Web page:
Saturday, 3 June 2017
How Hemingbrough became one of the most publicly scrutinised Parish Councils in Britain (1)
A former H-SWAG (Hemingbrough Sewerage Works Action Group) Member concerned about new Planning Applications around Orchard End asked for a re-run of this series. It has been sanitised.
The Stench of Sewerage, Parish Council Deceit, Dishonesty and Blatant Lies. (1)
2009 proved to be a disastrous year for the Parish Council. Armed services teach elite troops to maintain standards when the going gets tough. That miserable collection of Councillors reverted to grubby traits at their first obstacle.
The Parish Council entered 2009 in complete disarray. The Chairman had resigned his Office in late 2008 but remained on the Council despite the Vice-chairperson’s withering attack on the “hostility, mistrust, lack of professionalism and control of the meetings.”
The Vice-chairman had resigned his Office around the same time but also remained on the Council. He became angry when he found out Parish Councillors had referred colleagues to the official Standards Board. He was upset when he wasn’t told of or invited to the clandestine meeting of a ‘select few Councillors and Clerk’ in Councillors Jan and Sue Strelczenie’s home to discuss Council business, especially ‘The Problem Member of the Public’, who kept writing down whatever Councillors said in public meetings, and the Hagg Lane Green Wars. Even worse, he was ”astonished and bemused to be asked a question in Selby Town Centre - What is happening at Hemingbrough Parish Council - which prompted him to think of “the August meeting when elected representatives walked out”, and then he was contacted by a journalist.
The courteous and thoughtful Parish Clerk was thinking about another job and maybe smarting from the criticism of his inability to control the warring factions and effectively perform his role of the Council’s ‘Proper Officer’.
In December 2008, he agreed to tell new Chairman Jan Strelczenie the public must be given the opportunity to speak at every meeting “unless it is a closed meeting, which would be a rare event indeed.” If only he could have predicted that he would have to eat his own words a few weeks later!
To make matters worse, Councillors ‘Blackadder’ and ‘He-who-likes-to-listen-to-his-own-voice’ had to play second-fiddle to the recently elevated Baldrick with his Napoleonic trait of believing he had the right to rule everybody, and everything. (Same old dog, same old tricks, but the public is wiser now.)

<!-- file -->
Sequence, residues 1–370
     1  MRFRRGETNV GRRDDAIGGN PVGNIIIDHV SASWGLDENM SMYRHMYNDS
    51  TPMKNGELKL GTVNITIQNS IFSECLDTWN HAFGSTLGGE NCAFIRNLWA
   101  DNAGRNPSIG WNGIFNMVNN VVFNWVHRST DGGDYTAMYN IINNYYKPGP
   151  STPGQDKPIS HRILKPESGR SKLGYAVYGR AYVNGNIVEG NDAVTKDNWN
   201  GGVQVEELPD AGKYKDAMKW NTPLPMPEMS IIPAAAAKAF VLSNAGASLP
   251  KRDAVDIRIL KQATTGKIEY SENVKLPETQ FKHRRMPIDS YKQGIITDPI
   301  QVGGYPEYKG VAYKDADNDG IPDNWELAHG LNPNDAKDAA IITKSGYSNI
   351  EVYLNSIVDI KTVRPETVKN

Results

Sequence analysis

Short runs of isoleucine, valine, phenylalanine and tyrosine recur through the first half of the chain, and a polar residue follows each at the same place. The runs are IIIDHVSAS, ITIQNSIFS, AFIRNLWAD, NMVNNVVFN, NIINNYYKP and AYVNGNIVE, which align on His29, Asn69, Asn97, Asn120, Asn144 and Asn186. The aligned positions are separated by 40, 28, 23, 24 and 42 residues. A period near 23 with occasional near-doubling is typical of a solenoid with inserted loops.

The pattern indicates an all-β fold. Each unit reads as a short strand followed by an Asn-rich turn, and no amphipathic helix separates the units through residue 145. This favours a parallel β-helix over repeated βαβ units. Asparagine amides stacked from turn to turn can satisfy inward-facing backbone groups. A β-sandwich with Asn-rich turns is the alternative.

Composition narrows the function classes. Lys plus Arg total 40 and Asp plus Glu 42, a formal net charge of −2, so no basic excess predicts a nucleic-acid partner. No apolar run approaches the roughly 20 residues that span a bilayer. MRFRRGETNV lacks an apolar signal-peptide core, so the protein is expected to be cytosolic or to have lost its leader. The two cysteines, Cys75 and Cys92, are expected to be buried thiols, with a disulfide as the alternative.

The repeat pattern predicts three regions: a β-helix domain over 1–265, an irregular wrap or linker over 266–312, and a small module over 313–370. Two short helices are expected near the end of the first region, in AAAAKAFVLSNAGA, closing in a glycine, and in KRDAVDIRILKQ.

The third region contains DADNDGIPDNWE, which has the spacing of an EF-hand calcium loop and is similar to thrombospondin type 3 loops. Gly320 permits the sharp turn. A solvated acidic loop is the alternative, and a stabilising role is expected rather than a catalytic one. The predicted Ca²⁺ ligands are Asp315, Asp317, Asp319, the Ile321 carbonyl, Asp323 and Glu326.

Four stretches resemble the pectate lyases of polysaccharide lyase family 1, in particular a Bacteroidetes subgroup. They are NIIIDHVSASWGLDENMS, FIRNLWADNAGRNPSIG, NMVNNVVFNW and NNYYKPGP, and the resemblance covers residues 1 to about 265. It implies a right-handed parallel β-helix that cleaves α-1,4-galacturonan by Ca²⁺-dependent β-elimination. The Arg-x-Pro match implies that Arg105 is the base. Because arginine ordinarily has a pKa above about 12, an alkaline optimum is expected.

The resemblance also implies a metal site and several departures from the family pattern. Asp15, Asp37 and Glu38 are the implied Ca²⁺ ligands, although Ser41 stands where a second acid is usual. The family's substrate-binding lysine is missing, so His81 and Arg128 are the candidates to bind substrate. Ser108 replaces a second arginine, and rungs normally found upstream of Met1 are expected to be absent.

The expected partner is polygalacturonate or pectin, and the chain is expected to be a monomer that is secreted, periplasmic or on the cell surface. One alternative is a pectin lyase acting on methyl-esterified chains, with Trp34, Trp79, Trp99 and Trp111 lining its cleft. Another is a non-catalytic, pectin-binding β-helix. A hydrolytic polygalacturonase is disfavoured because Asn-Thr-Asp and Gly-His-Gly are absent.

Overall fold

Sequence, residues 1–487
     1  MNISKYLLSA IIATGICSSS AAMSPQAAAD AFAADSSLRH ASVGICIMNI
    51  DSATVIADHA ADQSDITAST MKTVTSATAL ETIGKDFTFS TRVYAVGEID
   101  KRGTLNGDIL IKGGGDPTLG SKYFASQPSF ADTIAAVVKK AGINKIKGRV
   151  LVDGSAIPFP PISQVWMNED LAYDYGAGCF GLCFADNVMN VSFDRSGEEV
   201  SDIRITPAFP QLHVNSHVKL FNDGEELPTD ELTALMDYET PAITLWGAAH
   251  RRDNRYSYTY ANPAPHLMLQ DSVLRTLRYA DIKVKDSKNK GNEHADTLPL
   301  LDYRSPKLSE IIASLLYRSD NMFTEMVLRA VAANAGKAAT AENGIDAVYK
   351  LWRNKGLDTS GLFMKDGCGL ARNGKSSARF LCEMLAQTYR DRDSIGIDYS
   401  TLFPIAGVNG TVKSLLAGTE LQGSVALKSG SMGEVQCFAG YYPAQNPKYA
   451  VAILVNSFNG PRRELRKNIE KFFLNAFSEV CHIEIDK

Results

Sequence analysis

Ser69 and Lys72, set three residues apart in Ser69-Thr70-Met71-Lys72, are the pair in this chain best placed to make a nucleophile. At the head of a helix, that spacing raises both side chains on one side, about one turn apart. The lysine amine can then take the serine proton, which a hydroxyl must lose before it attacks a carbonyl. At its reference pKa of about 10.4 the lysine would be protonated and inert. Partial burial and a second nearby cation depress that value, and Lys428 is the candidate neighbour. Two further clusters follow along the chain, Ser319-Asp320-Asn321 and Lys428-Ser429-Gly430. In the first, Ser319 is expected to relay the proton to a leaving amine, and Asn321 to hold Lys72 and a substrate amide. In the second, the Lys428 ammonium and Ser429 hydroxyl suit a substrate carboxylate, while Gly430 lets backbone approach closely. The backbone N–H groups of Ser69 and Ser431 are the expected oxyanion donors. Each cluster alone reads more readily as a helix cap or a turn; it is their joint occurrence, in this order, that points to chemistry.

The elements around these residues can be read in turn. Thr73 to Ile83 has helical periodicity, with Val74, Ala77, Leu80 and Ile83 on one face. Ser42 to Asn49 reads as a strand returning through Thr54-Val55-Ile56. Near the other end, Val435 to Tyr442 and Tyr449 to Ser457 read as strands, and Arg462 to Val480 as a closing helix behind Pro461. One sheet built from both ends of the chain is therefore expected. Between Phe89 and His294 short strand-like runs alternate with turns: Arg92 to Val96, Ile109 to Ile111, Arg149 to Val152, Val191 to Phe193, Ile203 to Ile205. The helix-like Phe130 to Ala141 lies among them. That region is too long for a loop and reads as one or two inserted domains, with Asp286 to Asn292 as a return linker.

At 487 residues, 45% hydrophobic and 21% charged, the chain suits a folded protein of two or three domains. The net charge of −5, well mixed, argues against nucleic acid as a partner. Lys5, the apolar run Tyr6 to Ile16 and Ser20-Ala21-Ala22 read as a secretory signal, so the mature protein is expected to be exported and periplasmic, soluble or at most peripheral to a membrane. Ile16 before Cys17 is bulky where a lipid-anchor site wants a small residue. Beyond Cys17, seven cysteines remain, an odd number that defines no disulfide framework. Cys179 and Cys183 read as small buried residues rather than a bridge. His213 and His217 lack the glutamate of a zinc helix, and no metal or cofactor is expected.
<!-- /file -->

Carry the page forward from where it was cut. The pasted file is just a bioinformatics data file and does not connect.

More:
Instead of resigning from the Council, the former Chair and Vice-chairperson stayed put. Knowledgeable observers detected the permanent, festering resentment that erupted from time to time.
Yorkshire Water stepped Into this seething maelstrom of frustrated ambitions, petty jealousies and power-lust with a planning application for a £2 million pound sewerage works near Orchard End where ‘Incomers’ were said to live in new, large houses, not bungalows.
Yorkshire Water knew how to handle planning applications that would arouse local anxieties. They must tell the local community of their intentions before they lodged their application with North Yorkshire County Council. Hemingbrough village had expanded; more houses and more people meant more waste water and solids, an ageing sewerage works and new European regulations meant new works. Unfortunately, they had no experience of dealing with the Hemingbrough Parish Council of 2007 – 2011.
The snow of the previous week had melted away by 12 February 2009. Parish Councillors sneaked into their delayed, private, closed-to-the-public meeting of Parish Councillors that had been set up by the Clerk, B Hopper. From the word “Go”, the planning application that could affect the lives and property values of Orchard End and Landing Lane parishioners was mired in controversy that had all the hallmarks of this motley council crew.
The Hemingbrough Clerk and Chairman denied they had asked for it to be private and closed to residents – which would have been a rare event, indeed! The Council leadership and Clerk were experienced in clandestine meetings that were closed to even the Vice-chairperson. They knew an open meeting meant details posted on the Council notice boards, and at least one resident with his pointy sticks and pointed blog would turn up to watch and listen.
In June 2009, a Director of Yorkshire Water would confirm, in writing, “Yorkshire Water did not ask for the meeting to be in private, and simply asked for it to be held as soon after the initial contact as possible.”
The Hemingbrough Councillors couldn’t sneak through the meeting room door without controversy and the truth being challenged. Surely, there could be no doubt about why they were there.
Clerk Hopper had been specific when he signed the Calling Notice on 30 January 2009.
“Hemingbrough Parish Council. Notice of Special, (closed), Meeting of the Parish Council. Dear Councillor you are invited to attend a special meeting of Hemingbrough Parish Council on Thursday 5th February in the Village Institute at 7.30pm.
The purpose of the meeting is to hear a representative of Yorkshire Water explain the company’s plans regarding changes to the local Water treatment Works and to comment on these plans, at this early stage.” B. Hopper. Clerk to the Parish Council.”
This calling notice was headed ‘Hemingbrough Parish Council’ and referred to the ‘Meeting of the Parish Council’, twice, and the purpose of the meeting, in only 72 words. It was clearly intended to be a “closed” meeting. [It took six months for a resident to locate a copy of that calling notice that Councillors were hiding.]
Yorkshire Water was certain it was meeting with the Parish Council as it confirmed in writing, “the meeting was called to provide Hemingbrough Parish Council with information about our proposals”